A woman who says she feels like a freak because of the effect on her growth of an undiagnosed tumour has won £1.228 million damages.
Kate Woodward, aged 20, claimed at the High Court that her height of 6ft 5in had put paid to her ambition to become an actress and left her with significant medical problems.
Now studying for a degree in screenwriting and producing, she brought proceedings against Leeds Teaching Hospitals NHS Trust over treatment received at St James’s University Hospital and Leeds General Infirmary.
The trust admitted clinical negligence but disputed the amount due to Miss Woodward arguing for an award of just under £700,000.
Ruling on the case, Judge Stuart Baker said: ‘My assessment is that the claimant’s life has undoubtedly been severely affected to a very great extent and will always be very different from what she might otherwise reasonably have expected to look forward to. That will result in a substantial award.
‘I do not in any way diminish the range and the breadth of ways in which her life has been altered but I must keep a sense of perspective. This claimant has the use of all her limbs and all five physical senses. She is intellectually capable of undertaking a full-time undergraduate course studying for an honours degree which she hopes will lead into employment or self-employment in the creative world of scriptwriting.
‘She shows initiative and determination and has the impetus to seek opportunities for herself. She is motivated to enter into a career, and to maintain as far as she can some control over her weight by a combination of strict dieting and taking exercise.
‘She has a circle of friends and a modest social life. She is able to drive a car. She envisages making her life in London where there may be the greatest range of opportunities within the world of writing for the entertainment media.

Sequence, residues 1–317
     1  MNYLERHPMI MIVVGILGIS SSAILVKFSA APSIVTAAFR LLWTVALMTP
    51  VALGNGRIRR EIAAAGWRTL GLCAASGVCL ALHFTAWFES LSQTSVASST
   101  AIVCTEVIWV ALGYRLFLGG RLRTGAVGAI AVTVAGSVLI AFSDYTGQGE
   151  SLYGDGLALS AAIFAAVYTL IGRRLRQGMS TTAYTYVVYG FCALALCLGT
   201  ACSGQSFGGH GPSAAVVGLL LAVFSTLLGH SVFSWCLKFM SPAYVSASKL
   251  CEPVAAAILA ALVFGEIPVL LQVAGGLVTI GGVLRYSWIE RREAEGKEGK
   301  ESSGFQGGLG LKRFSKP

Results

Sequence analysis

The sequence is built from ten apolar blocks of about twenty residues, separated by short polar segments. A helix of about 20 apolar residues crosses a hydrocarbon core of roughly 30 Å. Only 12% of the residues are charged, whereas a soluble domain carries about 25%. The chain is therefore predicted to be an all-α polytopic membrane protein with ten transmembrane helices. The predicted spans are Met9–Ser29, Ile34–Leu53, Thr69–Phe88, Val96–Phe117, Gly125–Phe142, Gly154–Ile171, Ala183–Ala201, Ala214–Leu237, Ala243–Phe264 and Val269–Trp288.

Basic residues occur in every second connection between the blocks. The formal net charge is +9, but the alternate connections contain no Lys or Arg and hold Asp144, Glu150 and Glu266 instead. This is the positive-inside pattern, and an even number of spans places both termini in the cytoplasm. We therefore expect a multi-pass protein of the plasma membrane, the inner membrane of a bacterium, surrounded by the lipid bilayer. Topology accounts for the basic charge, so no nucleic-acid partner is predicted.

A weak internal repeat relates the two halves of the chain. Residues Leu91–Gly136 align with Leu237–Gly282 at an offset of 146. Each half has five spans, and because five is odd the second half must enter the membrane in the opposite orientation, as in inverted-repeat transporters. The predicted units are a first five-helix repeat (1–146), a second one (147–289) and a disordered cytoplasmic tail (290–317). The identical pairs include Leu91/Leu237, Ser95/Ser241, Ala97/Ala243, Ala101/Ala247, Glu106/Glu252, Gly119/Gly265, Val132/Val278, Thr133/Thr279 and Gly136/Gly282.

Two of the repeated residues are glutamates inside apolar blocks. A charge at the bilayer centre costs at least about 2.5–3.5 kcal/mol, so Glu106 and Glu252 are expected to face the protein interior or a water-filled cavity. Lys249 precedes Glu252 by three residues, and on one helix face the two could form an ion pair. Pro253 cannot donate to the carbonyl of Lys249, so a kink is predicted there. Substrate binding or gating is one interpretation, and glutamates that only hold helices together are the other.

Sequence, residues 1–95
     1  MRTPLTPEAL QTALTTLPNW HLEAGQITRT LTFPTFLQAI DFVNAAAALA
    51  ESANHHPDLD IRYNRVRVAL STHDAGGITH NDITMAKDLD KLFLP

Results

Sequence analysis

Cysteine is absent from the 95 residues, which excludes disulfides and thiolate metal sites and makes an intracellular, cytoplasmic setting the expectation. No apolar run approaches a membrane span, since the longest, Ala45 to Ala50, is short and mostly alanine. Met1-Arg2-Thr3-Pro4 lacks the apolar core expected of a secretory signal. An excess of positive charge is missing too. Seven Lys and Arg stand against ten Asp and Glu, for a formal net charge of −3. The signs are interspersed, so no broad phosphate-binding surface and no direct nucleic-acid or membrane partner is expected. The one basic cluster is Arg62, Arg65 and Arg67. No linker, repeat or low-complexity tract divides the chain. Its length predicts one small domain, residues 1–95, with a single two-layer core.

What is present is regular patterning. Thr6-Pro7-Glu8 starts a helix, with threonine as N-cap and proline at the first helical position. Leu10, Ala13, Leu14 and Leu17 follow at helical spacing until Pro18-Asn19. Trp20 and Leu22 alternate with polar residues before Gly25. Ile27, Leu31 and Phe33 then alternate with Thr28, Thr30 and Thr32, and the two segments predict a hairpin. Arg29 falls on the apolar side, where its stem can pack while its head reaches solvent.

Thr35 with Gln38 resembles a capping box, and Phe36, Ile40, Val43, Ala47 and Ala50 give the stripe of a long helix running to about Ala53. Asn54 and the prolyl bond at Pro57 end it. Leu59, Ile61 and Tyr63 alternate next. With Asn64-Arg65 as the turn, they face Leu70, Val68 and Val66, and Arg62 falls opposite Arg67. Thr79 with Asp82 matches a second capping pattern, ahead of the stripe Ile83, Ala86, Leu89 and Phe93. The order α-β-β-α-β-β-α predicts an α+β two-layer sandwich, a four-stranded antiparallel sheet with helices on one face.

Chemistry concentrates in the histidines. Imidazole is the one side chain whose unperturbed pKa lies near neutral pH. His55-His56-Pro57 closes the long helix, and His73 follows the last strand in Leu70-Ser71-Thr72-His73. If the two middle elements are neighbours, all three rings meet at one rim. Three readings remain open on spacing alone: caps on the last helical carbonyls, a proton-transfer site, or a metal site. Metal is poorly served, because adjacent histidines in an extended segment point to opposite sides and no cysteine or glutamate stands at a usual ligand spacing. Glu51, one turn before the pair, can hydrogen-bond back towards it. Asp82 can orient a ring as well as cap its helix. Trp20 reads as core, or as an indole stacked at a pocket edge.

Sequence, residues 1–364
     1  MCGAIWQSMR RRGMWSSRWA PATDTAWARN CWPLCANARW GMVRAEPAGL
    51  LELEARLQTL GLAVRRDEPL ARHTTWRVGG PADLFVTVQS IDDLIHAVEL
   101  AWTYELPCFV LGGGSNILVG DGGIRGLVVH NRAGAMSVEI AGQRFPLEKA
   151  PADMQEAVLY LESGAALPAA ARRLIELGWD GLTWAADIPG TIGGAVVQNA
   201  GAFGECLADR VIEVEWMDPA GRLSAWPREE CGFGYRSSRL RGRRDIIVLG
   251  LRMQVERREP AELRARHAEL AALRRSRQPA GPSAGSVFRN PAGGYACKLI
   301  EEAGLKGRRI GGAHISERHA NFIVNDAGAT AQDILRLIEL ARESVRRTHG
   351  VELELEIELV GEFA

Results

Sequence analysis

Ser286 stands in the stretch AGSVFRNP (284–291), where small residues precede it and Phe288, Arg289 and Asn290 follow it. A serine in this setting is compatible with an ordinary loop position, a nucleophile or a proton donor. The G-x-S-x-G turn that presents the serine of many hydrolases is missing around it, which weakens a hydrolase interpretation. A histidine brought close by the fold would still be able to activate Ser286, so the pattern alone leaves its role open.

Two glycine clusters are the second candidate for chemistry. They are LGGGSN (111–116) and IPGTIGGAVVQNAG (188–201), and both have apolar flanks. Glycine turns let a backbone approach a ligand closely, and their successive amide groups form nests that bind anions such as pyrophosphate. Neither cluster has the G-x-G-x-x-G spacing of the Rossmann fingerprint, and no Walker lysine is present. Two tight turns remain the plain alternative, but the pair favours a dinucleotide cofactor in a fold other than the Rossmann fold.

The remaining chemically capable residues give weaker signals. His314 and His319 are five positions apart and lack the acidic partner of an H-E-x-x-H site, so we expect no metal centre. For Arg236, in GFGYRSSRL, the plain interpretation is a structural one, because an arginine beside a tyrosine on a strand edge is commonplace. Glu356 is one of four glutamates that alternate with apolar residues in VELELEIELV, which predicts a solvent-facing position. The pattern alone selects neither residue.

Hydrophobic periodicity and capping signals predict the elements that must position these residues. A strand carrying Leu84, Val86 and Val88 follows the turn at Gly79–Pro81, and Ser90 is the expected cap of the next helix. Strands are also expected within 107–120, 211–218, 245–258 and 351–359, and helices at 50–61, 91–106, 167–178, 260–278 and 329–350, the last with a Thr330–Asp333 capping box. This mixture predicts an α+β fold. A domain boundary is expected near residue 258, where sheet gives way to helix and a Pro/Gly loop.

'She hopes, in the next 10 years or so, to be able - after necessary fertility treatment - to have one or two children. Whether that will be possible or not will depend upon many factors which I cannot predict, but I can take note of the fact that that is what she would like to do.'
The court heard that the problem with Miss Woodward’s pituitary gland, which went untreated between October 2001 and September 2005, led to excessive growth, bone abnormality and a host of psychological consequences.
The judge said that Miss Woodward had missed out on many of the pleasurable activities which most young women enjoy, such as shopping expeditions and going to nightclubs. She cannot find clothing or footwear on the high street, except for the occasional pair of men’s trainers, and is the subject of rude and cruel comments from strangers.
She cannot use a conventional bath, lie comfortably in a normal-sized bed or fit into a modest-sized car. She has not had a serious relationship with a man and has written off the chance of it happening.
Her low self-esteem showed in her description of herself as ‘a cross between a Michelin man and a stretched-out doll’.
She will need treatment for disabling pain in her back, hips and knees, which might result in her eventually requiring a wheelchair and, from the age of 35, will be at a disadvantage in the labour market and satisfy the legislative definition of being disabled.
She will have to receive growth hormone replacement therapy and monitoring of the tumour - which might recur - for the rest of her life.